Charlotte Rae

Charlotte Rae
Charlotte Rae

Rae at the 1988 Emmy Awards
Born Charlotte Rae Lubotsky
April 22, 1926 (1926-04-22) (age 85)
Milwaukee, Wisconsin, U.S.
Occupation Actress, singer, dancer
Years active 1952–present

Charlotte Rae (born April 22, 1926) is a prolific American character actress of stage, comedienne, singer and dancer, who in her six decades of television is perhaps best known for her portrayal of Edna Garrett in the sitcoms Diff'rent Strokes and The Facts of Life (in which she starred from 1979 to 1986). She received a Primetime Emmy Award nomination for Best Actress in a Comedy in 1982. She also appeared in two Facts of Life television movies: The Facts of Life Goes to Paris in 1982 and The Facts of Life Reunion in 2001. She also provided the voice of Nanny in the cartoon 101 Dalmatians: The Series.


Early life

She was born Charlotte Rae Lubotsky in Milwaukee, Wisconsin, to Russian Jewish immigrants Esther (née Ottenstein), who was a childhood friend of Golda Meir, and Meyer Lubotsky, a retail tire business owner.[1][2] She had two sisters (Miriam, a pianist, writer, and composer, and Beverly, an opera singer), and graduated from Shorewood High School in 1944.[3] At the same high school where Charlotte attended, she had a best friend simply called "Natalie," (whom she created the character for future co-star, Mindy Cohn, to play on The Facts of Life). For the first ten years of her life, Rae's family lived in Milwaukee, after which they moved to Shorewood, Wisconsin, not that far from where she was born. In a 2002 interview, Charlotte said she was interested in acting as a little girl. She did a lot of radio work and was with the Wauwatosa Children's Theatre. At 16, she was an apprentice with the Port Players, a professional theater company that came for the summer to Milwaukee, with several established actors such as Morton DaCosta, who was the director of The Music Man on Broadway. She said that she had great teachers at her high school, which also had a beautiful campus. Rae attended but did not complete her studies at Northwestern University in Evanston, Illinois, where she met Cloris Leachman, who would not just become best friends for life, but roommates, who in turn replaced Rae on The Facts of Life, for the last 2 seasons.[4] At the same college, she also met several unknown stars and producers such as: Agnes Nixon, Charlton Heston, Paul Lynde, and songwriter, Sheldon Harnick. Rae sang to honour Harnick at a benefit, years after her days in college. Each summer, while attending college, she also appeared its annual student theatrical extravaganza, the Waa-Mu Show. She also did some stock before she became an actress.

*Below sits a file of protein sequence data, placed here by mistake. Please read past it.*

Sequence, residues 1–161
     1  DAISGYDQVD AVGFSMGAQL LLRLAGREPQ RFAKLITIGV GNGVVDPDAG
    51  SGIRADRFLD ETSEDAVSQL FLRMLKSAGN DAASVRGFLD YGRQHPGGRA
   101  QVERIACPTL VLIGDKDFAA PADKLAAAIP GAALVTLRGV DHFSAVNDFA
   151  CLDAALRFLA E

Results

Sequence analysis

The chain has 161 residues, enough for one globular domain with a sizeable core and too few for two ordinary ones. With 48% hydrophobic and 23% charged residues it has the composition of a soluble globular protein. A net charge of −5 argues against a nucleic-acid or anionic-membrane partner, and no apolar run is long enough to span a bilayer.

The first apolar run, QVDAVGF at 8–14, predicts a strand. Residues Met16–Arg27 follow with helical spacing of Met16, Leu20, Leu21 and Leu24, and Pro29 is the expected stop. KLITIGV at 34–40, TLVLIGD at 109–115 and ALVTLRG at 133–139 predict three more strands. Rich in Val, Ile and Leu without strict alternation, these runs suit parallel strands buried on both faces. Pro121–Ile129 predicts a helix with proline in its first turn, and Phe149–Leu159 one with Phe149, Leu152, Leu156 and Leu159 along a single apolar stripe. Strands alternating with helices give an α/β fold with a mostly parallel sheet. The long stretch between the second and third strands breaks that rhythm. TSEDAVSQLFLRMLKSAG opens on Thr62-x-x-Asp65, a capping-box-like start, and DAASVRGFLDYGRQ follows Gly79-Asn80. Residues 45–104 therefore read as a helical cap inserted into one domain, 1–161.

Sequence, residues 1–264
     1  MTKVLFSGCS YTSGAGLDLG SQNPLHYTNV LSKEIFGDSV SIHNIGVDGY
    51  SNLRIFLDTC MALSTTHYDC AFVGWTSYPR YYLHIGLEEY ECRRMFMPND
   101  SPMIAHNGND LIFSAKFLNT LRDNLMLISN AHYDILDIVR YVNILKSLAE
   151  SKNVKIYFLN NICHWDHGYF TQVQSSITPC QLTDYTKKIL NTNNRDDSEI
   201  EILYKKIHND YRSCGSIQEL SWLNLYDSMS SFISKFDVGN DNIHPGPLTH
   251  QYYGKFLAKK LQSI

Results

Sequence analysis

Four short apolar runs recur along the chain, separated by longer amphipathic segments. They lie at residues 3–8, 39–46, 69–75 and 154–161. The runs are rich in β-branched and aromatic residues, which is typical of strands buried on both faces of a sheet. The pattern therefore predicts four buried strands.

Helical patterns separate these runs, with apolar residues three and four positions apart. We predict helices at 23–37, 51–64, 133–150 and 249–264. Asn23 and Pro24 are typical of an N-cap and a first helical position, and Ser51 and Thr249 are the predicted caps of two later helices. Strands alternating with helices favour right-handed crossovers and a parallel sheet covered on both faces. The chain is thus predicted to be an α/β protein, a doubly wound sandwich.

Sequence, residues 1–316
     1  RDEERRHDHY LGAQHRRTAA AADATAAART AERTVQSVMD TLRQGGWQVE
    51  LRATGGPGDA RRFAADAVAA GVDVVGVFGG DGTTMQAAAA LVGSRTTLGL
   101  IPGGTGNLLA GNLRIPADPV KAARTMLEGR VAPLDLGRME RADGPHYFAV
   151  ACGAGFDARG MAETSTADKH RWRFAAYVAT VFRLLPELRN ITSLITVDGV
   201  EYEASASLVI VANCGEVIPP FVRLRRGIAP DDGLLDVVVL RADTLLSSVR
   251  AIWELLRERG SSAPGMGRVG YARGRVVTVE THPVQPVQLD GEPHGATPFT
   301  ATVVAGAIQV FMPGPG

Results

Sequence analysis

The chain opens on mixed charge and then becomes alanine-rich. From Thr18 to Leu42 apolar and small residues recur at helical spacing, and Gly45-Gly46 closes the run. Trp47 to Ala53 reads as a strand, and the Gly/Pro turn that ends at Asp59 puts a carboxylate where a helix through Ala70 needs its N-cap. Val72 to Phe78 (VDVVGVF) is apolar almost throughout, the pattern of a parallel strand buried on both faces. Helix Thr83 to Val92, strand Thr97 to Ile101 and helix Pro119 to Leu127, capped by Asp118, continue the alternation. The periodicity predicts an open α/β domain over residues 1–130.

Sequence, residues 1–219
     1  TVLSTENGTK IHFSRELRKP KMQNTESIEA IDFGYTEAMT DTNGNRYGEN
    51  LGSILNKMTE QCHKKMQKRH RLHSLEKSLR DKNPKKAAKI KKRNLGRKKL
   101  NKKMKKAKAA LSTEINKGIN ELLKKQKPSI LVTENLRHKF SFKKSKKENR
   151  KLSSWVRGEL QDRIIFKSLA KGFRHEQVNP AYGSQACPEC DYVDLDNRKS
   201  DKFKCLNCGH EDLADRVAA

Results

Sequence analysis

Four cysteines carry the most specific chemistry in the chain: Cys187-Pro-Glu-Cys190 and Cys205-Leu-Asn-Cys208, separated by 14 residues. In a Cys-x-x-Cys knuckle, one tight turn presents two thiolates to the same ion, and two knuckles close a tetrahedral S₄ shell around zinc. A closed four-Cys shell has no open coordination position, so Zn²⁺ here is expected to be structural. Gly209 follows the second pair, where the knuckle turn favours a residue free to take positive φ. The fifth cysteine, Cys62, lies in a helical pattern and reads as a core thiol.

When a radio personality told her that her last name wouldn't do, she dropped it, becoming simply Charlotte Rae. She moved to New York City in 1948, where she performed in the theater and nightclubs. During her early years in New York, she worked at the Village Vanguard (alongside up-and-coming talents such as singer Richard Dyer-Bennett) and at the posh Blue Angel, home to budding talents Barbra Streisand, Mike Nichols and Elaine May. She moved to Los Angeles in 1974.

Popular stage actress and singer

A stage actress since the 1950s, she appeared in Three Wishes for Jamie, The Threepenny Opera with Bea Arthur, Li'l Abner, and Pickwick. In 1955 she released her first (and only) solo album, Songs I Taught My Mother, which featured "silly, sinful, and satirical" songs by (among others) Sheldon Harnick, Vernon Duke, John La Touche, Cole Porter, Rodgers & Hart, and Marc Blitzstein (who wrote the song "Modest Maid" especially for Rae). The album was issued on CD in 2006 by PS Classics. Also in the 1950s, Rae made several acclaimed appearances on The Ed Sullivan Show.